As its survival on game store shelves indicates, Nuclear War has become something of a cult favorite among its small but growing legion of players.
During a game convention in Houston in 1983, a midnight Nuclear War tournament for “100 warm bodies, preferably in costume” lasted until 7:30 in the morning. Players showed up dressed as “radioactive mutants” and “alien frogs,” and Malewicki himself made a personal appearance, arriving in a wheelchair and dressed in black as Dr. Strangelove.
But Nuclear War card game players have been known to crop up in far less likely places. A few years ago, Air Force Maj. Ronald “Dutch” Blake and a group of officers regularly played the game in a top secret vault at the Pentagon during their lunch breaks. “One of my young lieutenants had played before and got us playing it,” says Blake, now retired and living in Lakewood. “I enjoy just about any form of competitive gaming.”
Of course, a game proclaiming to be “a comical cataclysmic card game of global destruction!” is also bound to generate controversy. The game reportedly was denounced as “disgusting and offensive” by an anti-nuclear member of Britain’s Labor Party who unsuccessfully tried to ban the game in Britain.
“Just the subject obviously sets some people off,” acknowledged Loomis in a telephone interview the day before “The Day Before.” His response to any of the doomsday game’s naysayers: “It’s just a game.”
“It makes fun of a serious subject,” Loomis allows, “but it’s a subject that’s too serious to be taken too seriously. You’ve got to stick a little humor in there or it’s just too much.”
Bob Westal of West Los Angeles, a member of Alliance for Survival who has played the game with friends, is less than comfortable with the effect the game might have on some people.
“I had a very mixed reaction to it,” said Westal, 24, a former film student. “It forces us to confront certain realities. The cards have kind of a black humor to them, that I appreciate, showing the irrationality of foreign policy. The only bad part of it to me is that when you deal with something like this there’s always a sense of desensitization. There is a certain coldness to the game that kind of disturbed me.”
“I think,” Westal added, “it also depends on what you bring to it. I think for people like me (in the peace movment) it brings about the right effect. But there’s a certain kind of person that might go away with the wrong things.”
In its own way, Loomis maintains, the Nuclear War card game is an education in the folly of nuclear war: “One thing about it is that this is the only game I’m aware of where everybody can lose and you finish up without a winner,” he said. “Obviously, it (a real nuclear war) is not something you want to start and get involved in.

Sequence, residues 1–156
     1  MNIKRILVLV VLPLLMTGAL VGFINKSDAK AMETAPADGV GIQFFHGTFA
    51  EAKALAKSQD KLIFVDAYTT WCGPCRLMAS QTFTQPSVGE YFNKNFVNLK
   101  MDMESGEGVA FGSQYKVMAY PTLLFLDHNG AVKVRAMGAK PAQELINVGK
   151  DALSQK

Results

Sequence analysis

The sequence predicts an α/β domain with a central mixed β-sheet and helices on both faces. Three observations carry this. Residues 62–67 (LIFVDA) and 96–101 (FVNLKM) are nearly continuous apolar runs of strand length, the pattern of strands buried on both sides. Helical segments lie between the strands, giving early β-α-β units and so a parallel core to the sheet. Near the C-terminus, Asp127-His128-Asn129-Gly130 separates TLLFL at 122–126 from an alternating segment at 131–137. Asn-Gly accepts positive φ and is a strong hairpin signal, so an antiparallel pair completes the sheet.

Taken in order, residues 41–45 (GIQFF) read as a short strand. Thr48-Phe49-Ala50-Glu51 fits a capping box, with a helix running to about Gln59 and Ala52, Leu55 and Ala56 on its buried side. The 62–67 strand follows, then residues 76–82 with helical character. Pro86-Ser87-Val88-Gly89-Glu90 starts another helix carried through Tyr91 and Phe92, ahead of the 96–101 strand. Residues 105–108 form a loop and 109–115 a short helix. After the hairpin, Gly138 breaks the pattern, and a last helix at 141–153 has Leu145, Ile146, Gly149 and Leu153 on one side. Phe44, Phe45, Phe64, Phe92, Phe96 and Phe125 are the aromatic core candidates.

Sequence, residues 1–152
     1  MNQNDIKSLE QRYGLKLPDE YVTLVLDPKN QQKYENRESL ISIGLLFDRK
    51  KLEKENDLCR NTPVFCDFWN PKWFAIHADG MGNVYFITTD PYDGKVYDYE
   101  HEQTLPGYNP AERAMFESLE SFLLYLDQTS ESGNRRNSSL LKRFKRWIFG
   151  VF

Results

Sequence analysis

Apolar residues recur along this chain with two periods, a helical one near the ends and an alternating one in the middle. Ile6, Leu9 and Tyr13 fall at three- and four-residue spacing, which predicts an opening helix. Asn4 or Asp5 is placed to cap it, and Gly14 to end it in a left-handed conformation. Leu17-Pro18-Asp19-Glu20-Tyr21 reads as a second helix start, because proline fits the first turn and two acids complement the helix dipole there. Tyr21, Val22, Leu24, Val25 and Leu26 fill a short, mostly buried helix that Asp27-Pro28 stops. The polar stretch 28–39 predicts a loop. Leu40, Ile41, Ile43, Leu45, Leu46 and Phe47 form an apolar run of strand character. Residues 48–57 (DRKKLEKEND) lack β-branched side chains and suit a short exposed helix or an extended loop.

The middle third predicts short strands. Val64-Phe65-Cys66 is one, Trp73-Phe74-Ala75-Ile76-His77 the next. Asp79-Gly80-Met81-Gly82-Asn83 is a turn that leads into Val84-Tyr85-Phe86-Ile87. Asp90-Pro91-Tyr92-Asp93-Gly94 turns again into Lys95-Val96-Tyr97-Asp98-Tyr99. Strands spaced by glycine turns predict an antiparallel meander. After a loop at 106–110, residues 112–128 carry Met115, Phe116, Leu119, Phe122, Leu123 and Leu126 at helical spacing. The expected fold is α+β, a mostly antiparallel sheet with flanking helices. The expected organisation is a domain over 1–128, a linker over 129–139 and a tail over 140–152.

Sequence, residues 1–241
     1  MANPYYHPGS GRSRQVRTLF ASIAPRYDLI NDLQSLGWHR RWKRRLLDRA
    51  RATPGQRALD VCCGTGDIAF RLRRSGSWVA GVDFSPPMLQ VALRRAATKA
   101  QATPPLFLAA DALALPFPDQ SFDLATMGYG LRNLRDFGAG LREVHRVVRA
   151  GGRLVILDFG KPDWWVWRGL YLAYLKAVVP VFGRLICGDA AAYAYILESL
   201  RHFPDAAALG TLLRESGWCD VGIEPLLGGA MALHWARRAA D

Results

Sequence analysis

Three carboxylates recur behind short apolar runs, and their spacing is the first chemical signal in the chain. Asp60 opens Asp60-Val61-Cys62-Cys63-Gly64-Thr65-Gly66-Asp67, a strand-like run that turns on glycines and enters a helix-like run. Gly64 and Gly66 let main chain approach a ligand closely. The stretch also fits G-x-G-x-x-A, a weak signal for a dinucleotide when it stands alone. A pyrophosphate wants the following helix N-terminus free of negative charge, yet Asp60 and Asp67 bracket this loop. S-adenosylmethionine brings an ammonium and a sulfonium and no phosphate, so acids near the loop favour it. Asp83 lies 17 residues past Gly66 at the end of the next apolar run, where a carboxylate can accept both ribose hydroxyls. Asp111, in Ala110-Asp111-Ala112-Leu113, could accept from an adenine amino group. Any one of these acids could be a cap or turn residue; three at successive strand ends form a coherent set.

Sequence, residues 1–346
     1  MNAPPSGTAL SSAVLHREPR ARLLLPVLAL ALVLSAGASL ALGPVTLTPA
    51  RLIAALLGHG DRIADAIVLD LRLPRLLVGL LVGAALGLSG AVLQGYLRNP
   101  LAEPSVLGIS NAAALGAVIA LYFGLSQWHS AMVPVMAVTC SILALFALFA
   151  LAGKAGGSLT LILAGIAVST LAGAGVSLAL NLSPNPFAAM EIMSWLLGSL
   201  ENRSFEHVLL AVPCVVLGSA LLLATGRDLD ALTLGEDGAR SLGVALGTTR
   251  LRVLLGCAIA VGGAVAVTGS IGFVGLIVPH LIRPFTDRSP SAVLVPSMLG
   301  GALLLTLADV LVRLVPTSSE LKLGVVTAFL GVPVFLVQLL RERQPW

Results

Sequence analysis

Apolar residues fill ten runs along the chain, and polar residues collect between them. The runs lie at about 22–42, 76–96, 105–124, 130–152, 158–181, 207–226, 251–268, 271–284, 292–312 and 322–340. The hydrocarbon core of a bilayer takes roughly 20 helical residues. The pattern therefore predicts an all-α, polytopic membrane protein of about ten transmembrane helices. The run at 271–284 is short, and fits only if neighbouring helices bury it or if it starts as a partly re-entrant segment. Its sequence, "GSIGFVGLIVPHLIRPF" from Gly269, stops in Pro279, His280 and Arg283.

“I’d suggest also that if anybody complains after playing it, they haven’t got a sense of humor. " (possible cut)
“There are,” he added, “a whole bunch of secret cards interspersed in the deck kind of like chance cards like ‘Your president gave a boring speech, you lose a turn.”’
Inventor Malewicki pointed out that “there are lots of war board games” available on the market. But, he said, although games based on past wars or on futuristic space wars “are okay, the current thing (nuclear war) is a little touchy.”
The original Nuclear War game Malewicki created in 1963 was a far cry from the satirical version of today.
Malewicki, who at the time was an engineer at Lockheed Missiles and Space Company in Sunnyvale and working half time on his masters degree at Stanford University, said the early version was a “serious” strategy board game complete with moving pieces in the shape of scale model missiles and airplanes.
Malewicki said the Lockheed patent office “liked the game” and tried to market it to major game manufacturers, who promptly turned it down. “It was just too controversial then,” he said.
After leaving Lockheed and going to work on the Apollo space project at Rockwell International Space Division in Downey, Malewicki redesigned the game and began producing it himself in 1965. Although he sold all 3,000 copies, Malewicki said he dropped out of the game business when he realized he was making only about 25 cents an hour for his efforts. (Copies of the original $3.25 games, he noted, are now collectors items selling for $100 each).
For the next few years, Malewicki largely forgot about what he calls his “stupid game.” (possible cut)
Aware of the out-of-print game’s small but loyal following among gamers, Loomis tracked down Malewicki in 1972. Malewicki, who now averages several hundred dollars a month in royalty payments, is amazed that since Loomis began reissuing the game “it somehow caught on. Don’t ask me how.”
Because of Nuclear War’s antiquated arsenal of B-70 bombers and Atlas and Polaris missiles, Loomis in 1984 began producing an updated, spin-off card game called Nuclear Escalation which features Star Wars-style killer satellites and orbiting missile bases. But Nuclear War is still the Coke classic of its genre, with game outlets selling about 6,000 copies a year, according to Loomis.